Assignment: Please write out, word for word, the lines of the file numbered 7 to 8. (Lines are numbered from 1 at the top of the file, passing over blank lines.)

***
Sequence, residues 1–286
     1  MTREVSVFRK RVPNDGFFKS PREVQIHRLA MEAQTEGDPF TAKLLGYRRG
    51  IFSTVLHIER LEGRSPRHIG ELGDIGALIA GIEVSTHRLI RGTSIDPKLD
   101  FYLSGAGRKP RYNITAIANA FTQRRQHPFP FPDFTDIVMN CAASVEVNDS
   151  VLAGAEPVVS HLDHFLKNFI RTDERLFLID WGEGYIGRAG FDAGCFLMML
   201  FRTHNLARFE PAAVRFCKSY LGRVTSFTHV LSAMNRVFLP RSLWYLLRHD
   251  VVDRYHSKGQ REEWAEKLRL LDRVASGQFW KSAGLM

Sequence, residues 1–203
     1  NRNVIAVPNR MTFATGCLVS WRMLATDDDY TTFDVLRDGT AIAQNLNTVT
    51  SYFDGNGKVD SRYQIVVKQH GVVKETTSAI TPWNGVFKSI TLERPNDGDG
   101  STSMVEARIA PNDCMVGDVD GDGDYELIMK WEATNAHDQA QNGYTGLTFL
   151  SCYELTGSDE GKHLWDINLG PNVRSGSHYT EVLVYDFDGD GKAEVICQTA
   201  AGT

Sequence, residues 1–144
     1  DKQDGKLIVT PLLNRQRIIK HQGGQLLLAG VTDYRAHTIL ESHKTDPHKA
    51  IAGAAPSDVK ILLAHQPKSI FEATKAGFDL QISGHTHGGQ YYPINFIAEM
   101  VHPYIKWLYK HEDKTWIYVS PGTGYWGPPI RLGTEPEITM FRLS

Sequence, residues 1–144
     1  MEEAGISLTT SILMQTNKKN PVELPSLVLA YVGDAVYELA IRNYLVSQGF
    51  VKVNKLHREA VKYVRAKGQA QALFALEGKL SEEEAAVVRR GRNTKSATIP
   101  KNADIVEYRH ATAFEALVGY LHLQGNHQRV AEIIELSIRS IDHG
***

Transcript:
   251  VVDRYHSKGQ REEWAEKLRL LDRVASGQFW KSAGLM

Sequence, residues 1–203